But Timber Bamboo Does
The week before the UN COP 27 climate summit in Egypt, the University of Melbourne released The Land Gap Report by 20 leading climate and forest scientists. The report casts a grim outlook on global commitments to plant trees to mitigate climate change. The problem is timing and land use. Trees don’t grow fast enough to slow climate change in this critical decade. And we need an unrealistic amount of land to make a big difference.
“The role of wood products for mitigation has been misrepresented, creating the false impression that carbon stored in products has a greater benefit than in the forest.”
Racing the clock –
“The carbon removal achieved through plantations, afforestation, and reforestation, will take a long time and hence not be sufficient in the next critical decade to contribute to limit peak global warming.” Trees have a slow growth rate of 25 to 50 years for structural wood timber, “Harvesting mature trees with the expectation of re-growth creates a decades-long carbon debt by permanently reducing carbon stored in the landscape and increasing the stock in the atmosphere. So, offsetting carbon emissions by harvesting mature trees and storing the processed carbon in long-lived products like buildings will not be a benefit in this critical decade. But, maintaining the forest will.
We need to lower the embodied carbon of buildings immediately, and if wood timber isn’t the answer, what is?
BamCore’s mission is to overcome slow-growth limitations by using regenerative agriculture and nature’s fastest-growing structural fibers to engineer carbon-negative building systems. In our 2019 publication, Carbon Farming with Timber Bamboo, we prove that using timber bamboo to frame buildings captures and stores atmospheric carbon 5-6X faster than wood. Timber bamboo is so efficient at capturing atmospheric carbon because once a clump is mature (5 to 7 years), you can sustainably harvest 20% of the culms yearly. And because timber bamboo is regenerative, there is no disruption of carbon from replanting. In addition, it only takes a single year for the harvested culm to regrow, and every year, it regrows faster and stronger.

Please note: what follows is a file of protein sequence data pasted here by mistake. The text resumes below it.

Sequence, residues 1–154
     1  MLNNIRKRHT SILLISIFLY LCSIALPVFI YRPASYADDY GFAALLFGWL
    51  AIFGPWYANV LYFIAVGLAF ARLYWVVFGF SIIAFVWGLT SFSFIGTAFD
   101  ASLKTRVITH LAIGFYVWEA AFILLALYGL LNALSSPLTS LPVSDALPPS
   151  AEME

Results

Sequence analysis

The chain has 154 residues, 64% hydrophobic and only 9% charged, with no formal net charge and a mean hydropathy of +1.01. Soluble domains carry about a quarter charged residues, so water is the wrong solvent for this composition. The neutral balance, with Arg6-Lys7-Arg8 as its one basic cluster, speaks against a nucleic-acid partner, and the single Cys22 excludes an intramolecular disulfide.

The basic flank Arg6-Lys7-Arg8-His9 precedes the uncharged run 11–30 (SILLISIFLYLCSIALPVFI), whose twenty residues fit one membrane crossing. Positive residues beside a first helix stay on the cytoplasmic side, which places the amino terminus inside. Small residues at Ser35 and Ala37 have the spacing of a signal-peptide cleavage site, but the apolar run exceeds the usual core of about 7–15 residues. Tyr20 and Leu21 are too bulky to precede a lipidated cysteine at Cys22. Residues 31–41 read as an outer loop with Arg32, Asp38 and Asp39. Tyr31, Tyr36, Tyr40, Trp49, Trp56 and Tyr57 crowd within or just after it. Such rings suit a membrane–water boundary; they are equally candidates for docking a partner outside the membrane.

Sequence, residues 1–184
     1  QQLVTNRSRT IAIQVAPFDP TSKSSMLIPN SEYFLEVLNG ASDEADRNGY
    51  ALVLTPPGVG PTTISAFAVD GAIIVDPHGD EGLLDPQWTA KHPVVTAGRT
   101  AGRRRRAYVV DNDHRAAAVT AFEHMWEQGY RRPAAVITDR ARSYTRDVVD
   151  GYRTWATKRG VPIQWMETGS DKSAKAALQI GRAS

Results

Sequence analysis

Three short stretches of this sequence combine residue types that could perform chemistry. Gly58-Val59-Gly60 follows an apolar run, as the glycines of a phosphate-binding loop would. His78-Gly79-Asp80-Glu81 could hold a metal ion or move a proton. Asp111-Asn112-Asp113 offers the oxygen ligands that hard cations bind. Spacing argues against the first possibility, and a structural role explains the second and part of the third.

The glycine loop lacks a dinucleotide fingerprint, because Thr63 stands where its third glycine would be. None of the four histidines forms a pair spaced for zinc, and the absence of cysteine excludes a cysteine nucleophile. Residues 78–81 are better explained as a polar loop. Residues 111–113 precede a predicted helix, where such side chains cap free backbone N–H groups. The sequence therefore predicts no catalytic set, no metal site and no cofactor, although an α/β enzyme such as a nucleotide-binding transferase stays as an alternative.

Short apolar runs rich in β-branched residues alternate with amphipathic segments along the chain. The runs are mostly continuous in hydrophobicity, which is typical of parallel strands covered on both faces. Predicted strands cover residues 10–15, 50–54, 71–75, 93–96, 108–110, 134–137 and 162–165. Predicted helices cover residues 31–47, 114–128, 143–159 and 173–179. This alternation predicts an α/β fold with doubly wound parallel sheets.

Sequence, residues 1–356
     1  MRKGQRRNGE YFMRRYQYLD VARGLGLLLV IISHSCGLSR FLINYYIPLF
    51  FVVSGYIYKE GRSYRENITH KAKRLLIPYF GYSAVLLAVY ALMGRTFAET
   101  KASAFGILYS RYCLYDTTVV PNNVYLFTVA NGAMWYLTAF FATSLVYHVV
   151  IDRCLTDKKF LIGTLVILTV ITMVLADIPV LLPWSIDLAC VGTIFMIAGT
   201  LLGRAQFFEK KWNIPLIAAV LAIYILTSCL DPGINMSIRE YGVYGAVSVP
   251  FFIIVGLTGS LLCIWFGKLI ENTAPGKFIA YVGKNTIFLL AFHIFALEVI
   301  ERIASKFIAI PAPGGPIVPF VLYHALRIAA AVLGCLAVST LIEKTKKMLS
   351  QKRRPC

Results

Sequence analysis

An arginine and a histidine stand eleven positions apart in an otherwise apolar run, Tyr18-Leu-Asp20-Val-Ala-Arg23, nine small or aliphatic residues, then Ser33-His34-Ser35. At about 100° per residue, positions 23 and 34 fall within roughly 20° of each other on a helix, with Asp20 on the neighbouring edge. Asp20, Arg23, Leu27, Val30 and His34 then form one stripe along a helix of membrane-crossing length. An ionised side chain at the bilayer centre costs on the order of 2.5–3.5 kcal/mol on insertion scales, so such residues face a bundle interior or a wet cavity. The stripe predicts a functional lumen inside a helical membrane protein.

Thus, it is possible to farm carbon for storage in buildings to help mitigate climate change in this critical decade.
More structural fiber on less land –
The second limitation the Melbourne report explains is that nations have committed to increasing their collective tree coverage by 1.2 billion hectares to capture the carbon and provide for harvested wood products to store the carbon. That area of newly planted (slow-growing) trees would be 22% more land than the entire United States (including Alaska).
In contrast, an analysis of timber bamboo’s biogenic carbon benefits by Quantis International showed that growing timber bamboo for structural applications was 4.6x more land-use efficient than growing wood. Thus, in the extreme, if the nations substituted timber bamboo, only 260 million hectares would be needed— we cite this as an illustration because bamboo only grows in some climates.
But, there are more than enough hectares of degraded land (Mapping The Worlds Degraded Lands) where timber bamboo can be planted today—making it a quickly scalable and viable climate mitigation solution. While also providing the materials for much-needed housing and providing livelihoods in poverty-stricken areas of the global south.